At one point, Justina paused to rest and looked in a pub window. Beyond her slender reflection, she saw patrons inside enjoying pints of beers and glasses of wine. Worn-out, anxious about meeting her new superiors, she now longed for a drink, but recoiled at the idea of showing up tipsy – or worse – her first day. Having spent the last few years feeling trapped in what felt like a dead-end teaching position at a British secondary school, Justina was anxious that nothing go wrong today and giving in to have a nip or two might prove disastrous. Instead, she turned her attention to the stacks of newspapers in a neighbouring kiosk. Most showed pictures of Queen Elizabeth commemorating sixty-five years on the British throne. It seemed an inescapable subject even in Lebanon, weeks after the actual anniversary in early February. She moved on.
Justina’s shoulders were beginning to ache by the time she passed a well-tended cemetery and spotted the clock tower: a carved column of limestone eighty feet high. The tower was surmounted on each side by clock faces adorned with Roman numerals but devoid of hands. At the base of the tower stood a dusty rose garden whose early buds needed water. Beyond the tower, at the top of a wide expanse of a dozen stone steps that led to a largely empty car park, rose the high stone walls and extravagant façade of a building identified by a modest sign: UNITED NATIONS PALESTINE RELIEF AGENCY (UNPRA), ALLENBY BARRACKS.
Justina noticed a smaller structure near the edge of the car park. It was a crude hut, not much larger than a few telephone boxes, painted in orange and white stripes, a green cedar of Lebanon stenciled on each side. Justina figured she was looking at a Lebanese Army checkpoint, an observation confirmed a moment later when she saw two uniformed soldiers emerge, each with a Russian AK-47 rifle slung over his shoulder. They viewed her with little interest until one of them wearing the yellow stripes of a sergeant spoke into a radio clipped to his collar, keeping his eyes on her. Justina challenged their stare longer than might be prudent, then strode up the steps with her bags. At the top, another, taller soldier stepped from the hut and stood in her path. Justina caught sight of the single pip on the Velcro-backed insignia in the middle of his chest and took him to be a mülazım – a second lieutenant. He had a radio like the sergeant’s but showed added authority with a holstered pistol on his belt.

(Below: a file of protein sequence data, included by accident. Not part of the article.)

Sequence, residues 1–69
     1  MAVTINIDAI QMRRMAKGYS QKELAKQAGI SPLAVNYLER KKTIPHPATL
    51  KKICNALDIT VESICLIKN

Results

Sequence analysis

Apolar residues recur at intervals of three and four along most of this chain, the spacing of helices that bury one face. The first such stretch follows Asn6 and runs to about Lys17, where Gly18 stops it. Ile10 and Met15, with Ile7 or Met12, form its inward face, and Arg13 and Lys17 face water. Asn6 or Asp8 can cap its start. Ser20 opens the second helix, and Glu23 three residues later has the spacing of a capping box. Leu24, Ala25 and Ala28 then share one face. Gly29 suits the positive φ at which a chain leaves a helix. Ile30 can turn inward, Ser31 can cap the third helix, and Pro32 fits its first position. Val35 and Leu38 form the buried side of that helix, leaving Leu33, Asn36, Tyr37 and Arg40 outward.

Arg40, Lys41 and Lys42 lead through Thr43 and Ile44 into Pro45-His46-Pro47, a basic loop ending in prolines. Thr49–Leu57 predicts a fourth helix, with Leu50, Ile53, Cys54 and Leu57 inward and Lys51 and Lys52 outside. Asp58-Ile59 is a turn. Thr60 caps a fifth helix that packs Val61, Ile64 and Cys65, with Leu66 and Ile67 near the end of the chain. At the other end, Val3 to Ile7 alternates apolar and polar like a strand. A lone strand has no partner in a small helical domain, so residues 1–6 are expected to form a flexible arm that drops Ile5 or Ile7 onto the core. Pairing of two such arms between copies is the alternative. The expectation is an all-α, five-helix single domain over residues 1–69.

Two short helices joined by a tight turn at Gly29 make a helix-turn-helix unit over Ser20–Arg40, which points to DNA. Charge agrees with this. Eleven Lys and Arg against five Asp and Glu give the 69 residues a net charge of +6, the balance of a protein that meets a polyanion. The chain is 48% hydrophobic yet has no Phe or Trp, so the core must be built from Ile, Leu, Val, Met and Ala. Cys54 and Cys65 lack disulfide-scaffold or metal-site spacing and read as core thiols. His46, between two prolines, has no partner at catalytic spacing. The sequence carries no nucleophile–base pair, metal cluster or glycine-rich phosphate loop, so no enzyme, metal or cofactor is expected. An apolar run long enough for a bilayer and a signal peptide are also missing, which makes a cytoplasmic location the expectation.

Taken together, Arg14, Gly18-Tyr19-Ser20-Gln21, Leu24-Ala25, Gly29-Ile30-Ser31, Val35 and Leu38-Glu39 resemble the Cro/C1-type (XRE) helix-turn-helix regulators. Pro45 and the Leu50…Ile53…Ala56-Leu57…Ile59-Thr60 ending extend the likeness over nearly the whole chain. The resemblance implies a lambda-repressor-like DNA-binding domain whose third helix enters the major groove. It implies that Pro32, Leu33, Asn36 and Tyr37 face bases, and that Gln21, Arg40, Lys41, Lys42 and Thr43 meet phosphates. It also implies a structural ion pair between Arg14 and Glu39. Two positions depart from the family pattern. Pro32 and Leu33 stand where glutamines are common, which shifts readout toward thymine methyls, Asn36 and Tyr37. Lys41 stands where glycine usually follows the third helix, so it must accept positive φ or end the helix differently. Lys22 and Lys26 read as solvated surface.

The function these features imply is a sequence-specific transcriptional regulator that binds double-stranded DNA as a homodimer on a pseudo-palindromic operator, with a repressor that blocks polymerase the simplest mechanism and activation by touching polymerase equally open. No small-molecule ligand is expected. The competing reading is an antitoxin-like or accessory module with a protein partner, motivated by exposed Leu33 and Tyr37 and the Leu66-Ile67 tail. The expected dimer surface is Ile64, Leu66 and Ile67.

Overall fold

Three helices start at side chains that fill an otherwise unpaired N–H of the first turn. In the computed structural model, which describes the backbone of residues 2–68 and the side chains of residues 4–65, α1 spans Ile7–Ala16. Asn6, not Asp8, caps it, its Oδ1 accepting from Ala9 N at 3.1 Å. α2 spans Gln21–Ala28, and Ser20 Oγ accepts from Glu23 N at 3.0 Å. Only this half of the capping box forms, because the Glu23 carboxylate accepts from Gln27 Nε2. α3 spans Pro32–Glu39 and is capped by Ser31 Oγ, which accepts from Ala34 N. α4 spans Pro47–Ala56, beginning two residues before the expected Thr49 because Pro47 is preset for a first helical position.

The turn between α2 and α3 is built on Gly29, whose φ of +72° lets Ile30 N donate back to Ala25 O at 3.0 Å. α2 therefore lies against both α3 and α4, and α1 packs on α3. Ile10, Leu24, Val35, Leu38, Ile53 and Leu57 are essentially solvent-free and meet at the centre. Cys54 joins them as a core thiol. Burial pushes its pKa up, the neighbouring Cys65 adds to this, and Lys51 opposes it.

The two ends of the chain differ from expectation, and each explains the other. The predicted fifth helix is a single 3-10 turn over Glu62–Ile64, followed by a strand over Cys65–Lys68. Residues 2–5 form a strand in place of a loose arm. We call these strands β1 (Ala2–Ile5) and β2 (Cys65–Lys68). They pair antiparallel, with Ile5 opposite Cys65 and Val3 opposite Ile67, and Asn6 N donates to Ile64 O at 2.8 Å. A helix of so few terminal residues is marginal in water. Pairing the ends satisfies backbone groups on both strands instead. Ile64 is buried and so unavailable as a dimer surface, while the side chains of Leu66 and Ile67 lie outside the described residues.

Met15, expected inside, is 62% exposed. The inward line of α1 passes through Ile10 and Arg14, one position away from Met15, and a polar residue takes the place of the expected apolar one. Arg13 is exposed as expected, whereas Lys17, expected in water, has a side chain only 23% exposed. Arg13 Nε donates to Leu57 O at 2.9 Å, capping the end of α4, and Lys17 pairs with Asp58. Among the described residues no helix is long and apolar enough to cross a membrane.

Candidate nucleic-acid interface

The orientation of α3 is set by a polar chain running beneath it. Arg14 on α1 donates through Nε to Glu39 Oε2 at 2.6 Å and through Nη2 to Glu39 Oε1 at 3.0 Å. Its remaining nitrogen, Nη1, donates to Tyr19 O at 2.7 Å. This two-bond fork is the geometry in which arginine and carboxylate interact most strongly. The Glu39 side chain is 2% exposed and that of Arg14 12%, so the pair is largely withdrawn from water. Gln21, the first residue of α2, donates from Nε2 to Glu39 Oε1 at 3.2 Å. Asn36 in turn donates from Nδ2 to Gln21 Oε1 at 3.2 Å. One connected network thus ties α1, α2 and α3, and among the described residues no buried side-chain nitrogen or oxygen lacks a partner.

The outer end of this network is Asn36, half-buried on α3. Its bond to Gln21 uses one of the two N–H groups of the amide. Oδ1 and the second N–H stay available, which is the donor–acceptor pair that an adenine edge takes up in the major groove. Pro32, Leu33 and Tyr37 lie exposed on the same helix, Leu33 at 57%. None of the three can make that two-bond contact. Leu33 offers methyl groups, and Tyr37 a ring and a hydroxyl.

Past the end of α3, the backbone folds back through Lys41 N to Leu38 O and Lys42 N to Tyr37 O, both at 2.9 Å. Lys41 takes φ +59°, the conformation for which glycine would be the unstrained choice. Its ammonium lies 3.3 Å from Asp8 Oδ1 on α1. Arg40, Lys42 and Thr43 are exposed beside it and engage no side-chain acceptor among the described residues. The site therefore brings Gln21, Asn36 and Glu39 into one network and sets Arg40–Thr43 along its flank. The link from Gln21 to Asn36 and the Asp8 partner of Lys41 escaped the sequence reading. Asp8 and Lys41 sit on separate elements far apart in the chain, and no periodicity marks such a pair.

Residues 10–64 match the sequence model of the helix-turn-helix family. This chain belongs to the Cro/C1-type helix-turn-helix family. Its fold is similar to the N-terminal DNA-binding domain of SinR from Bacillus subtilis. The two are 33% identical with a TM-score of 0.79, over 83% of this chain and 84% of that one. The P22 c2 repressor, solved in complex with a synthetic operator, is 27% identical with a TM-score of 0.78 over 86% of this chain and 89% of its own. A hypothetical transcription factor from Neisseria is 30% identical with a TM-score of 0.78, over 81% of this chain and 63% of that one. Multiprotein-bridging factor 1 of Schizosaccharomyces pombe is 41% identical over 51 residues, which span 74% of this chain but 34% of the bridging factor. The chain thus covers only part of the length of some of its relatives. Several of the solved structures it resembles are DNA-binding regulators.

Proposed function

Justina set her bags down. She kept her expression neutral and positioned her hands on her hips, a calculated move to show she was more curious than worried at being stopped. The gesture seemed unneeded as the young officer maintained a generous smile below a wide, carefully trimmed moustache. He approached, inspected Justina with dark eyes that – unlike his smile – appeared more clinical than friendly. She waited. She was in no mood to be delayed, knowing she was just feet away from friendly faces and hopefully a cup of tea.
“Papers, please,” he said in clear, American-accented English.
Justina offered her British passport. The officer barely gave the document a glance before handing it back.
“You’re here to work at Allenby?” he asked.
“Yes, of course.”
“And you’re expected?”
The question stirred her fatigue into irritation. “I bloody well hope so.” Right away, she regretted her tone. She knew from experience it was never good to annoy local authorities. She mustered a smile. “Sorry, I’ve had a long day.”
The officer’s own smile remained etched on his face as he made a show of stepping aside. “Yes, I’m sure. Don’t let me keep you.”
The officer’s condescending tone annoyed Justina further. “Thanks very much.” She lifted her bags and started toward her new home.
“Welcome to Lebanon, Miss Kent. I’m Lieutenant Amhaz.”
“Pleasure,” Justina said over her shoulder.